Sunday, April 19, 2009

Straight from the Horse's Mouth...

Romance is not a genre generally associated with male readers, yet I managed to find a man who admitted to reading romance and he agreed to talk with me, as long as he could keep his face hidden with a paper bag. I asked him a series of questions. His answers were quite enlightening.

How did you become interested in romance novels?
It's very simple. My wife had a few titles laying around and I had nothing else to read.

Are you a frequent reader of romance or do you consider yourself more of an occasional reader?
Occasional probably is more accurate. I get a little self conscious if I read it too often. As a man, I feel like I should be doing something more serious and challenging with my time. I do like it as an escape when I am on vacation or if I've just finished a more heady tome.

What romance authors are you familiar with?
Not many really. I have read most of Linda Howard's stuff and several Karen Marie Moning books before she changed focus from her Highlanders and began to write more urban-type fiction. I've also read some of Diana Gabaldon's Outlander series. I've read a few others, but I can't remember the author's names.

Do you ever suggest or recommend that other men read romance novels?
Not actively. I wouldn't want them to get the wrong idea. However, since this is anonymous I will say that reading romance can be good for men. Men can be pretty unimaginative in the bedroom, or so I'm told, and reading about a really steamy affair can add nuance to their approach, pace and execution. Some people may use porn for that purpose and I suppose that can work, but romance does more than simply suggest new positions. When a romance book is well- written, it helps create a state of mind that can get you better in tune with your partner's experience and expectation. Also, some good fresh fantasies always help to spice up the lovemaking.

What makes a romance novel or story appealing to you?
Interesting characters. They have to be believable and face challenges that make sense. I am willing to grant quite a bit of literary license to an author, but there has to be a core of plausibility even if the basic premise is very fanciful. For example, I read a novel recently about a woman who fell in love with the ghost of an old highlander lord. That part was fine. Her trying to teach a bunch of old Scots to surf the coast of a Scottish isle was not. Do you get my point? Imagination is great but don't try to tell me that a character is a brain surgeon when she is portrayed as a weak and vulnerable lightweight. That is inconsistent and ruins the story.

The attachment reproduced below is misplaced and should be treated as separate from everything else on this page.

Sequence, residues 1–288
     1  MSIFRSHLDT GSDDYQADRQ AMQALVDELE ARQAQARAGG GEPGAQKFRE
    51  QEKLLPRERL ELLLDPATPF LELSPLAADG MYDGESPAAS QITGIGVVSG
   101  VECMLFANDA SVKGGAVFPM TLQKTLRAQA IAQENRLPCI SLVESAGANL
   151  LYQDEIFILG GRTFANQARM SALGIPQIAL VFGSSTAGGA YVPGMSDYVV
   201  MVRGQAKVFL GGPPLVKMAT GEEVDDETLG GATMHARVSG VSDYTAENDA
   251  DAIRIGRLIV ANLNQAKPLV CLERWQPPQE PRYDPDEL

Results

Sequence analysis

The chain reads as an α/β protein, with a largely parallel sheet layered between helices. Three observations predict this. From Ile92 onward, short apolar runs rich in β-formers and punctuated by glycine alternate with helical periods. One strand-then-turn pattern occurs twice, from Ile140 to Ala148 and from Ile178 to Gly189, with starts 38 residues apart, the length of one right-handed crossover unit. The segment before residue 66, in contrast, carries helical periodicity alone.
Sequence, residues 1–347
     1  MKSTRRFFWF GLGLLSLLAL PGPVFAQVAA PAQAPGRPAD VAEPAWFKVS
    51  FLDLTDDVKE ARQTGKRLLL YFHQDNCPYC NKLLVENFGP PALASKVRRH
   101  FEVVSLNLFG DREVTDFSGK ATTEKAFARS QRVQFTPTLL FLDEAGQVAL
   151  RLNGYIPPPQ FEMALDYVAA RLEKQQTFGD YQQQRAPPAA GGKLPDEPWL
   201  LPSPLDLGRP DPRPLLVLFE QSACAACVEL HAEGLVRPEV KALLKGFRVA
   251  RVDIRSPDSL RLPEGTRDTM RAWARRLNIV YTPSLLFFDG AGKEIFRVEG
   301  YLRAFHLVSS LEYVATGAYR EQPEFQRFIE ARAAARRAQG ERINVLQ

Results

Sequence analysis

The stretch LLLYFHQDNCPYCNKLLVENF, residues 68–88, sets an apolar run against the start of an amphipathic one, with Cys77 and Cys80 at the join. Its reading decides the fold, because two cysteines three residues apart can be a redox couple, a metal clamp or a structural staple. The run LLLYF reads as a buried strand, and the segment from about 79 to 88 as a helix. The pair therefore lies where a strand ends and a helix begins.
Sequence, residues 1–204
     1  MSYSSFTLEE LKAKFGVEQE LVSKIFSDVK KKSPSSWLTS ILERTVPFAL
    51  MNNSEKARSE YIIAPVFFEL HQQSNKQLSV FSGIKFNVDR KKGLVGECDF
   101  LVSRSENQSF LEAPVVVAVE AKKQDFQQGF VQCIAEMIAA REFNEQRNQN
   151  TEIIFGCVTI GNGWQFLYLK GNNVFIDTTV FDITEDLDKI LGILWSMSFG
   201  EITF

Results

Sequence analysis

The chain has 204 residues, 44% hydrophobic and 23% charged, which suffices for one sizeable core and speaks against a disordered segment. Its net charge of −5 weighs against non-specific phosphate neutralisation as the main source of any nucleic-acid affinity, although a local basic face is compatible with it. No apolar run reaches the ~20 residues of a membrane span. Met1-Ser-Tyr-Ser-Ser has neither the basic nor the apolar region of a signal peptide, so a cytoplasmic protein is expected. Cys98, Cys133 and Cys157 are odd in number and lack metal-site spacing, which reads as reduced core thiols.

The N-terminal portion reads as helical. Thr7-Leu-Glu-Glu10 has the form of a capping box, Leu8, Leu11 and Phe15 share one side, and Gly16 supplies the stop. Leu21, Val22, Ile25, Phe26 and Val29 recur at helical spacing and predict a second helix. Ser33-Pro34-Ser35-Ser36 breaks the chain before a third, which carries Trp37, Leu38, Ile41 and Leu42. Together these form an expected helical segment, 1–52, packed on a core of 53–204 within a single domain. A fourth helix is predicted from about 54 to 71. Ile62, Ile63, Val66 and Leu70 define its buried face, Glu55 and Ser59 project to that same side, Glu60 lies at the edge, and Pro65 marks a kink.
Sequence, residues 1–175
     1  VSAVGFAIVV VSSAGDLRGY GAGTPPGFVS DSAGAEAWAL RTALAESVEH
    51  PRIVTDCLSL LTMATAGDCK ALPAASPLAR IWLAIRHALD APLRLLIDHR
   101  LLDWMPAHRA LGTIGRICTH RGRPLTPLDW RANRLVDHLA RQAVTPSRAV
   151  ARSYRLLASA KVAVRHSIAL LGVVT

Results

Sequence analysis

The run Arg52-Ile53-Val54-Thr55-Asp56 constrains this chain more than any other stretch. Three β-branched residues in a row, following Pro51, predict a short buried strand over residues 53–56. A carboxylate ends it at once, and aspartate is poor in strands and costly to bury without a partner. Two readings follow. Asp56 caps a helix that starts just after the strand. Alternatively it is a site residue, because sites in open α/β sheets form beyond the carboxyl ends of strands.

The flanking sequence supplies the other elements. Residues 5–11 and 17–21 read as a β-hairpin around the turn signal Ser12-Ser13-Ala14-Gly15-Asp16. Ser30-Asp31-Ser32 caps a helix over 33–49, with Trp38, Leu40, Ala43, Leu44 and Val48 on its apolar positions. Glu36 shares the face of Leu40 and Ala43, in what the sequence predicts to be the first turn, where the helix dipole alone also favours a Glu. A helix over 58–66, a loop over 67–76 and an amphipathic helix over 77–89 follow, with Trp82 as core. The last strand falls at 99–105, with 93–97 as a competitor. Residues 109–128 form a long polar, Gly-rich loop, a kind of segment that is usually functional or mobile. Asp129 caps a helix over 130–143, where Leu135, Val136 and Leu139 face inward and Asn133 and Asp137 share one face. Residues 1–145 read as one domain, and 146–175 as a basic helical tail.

Is there any specific genre that appeals to you more, such as, romance/suspense, fantasy, time travel?
I can think of examples of all of these formats that I have liked. There always has to be
some tension in a story to hold my interest and romance/suspense is good for that but I am particular about plot. I have no problem with using coincidence as a plot device but a story that hinges on a smart person doing dumb things and overlooking obvious warning signs for the sake of the story doesn't work for me. I am a real sucker for a well crafted time paradox story but it has to be clever and original.

What’s your take on the concept of the alpha male, the independent, hardheaded, stubborn, protective, possessive hero portrayed in probably 95% of all romance novels?
A little boring really. I don't feel competitive with a strong male lead. In fact I enjoy identifying with them but I prefer more complexity in my characters including some weakness and vulnerability and even insecurity. Like a really strong leader who secretly feels unloved by his father and wants to prove himself. I can relate to that. Or a macho leader who secretly is yearning for true love instead of sexual conquests, or who secretly has the soul of a sensitive poet. I don't like characters who are cliches.

Along the same line, how do you like your heroines? Weak and helpless and in need of saving or feisty and independent?
A little of both. The feisty and independent character can be just as trite as the weak and helpless (but gorgeous) woman. Again I prefer a more balanced characterization. The aggressive personality with secret fears and insecurities or the perceived vulnerable damsel that stands up for herself if the situation demands it.

Do you prefer sex scenes or love scenes? What’s the difference?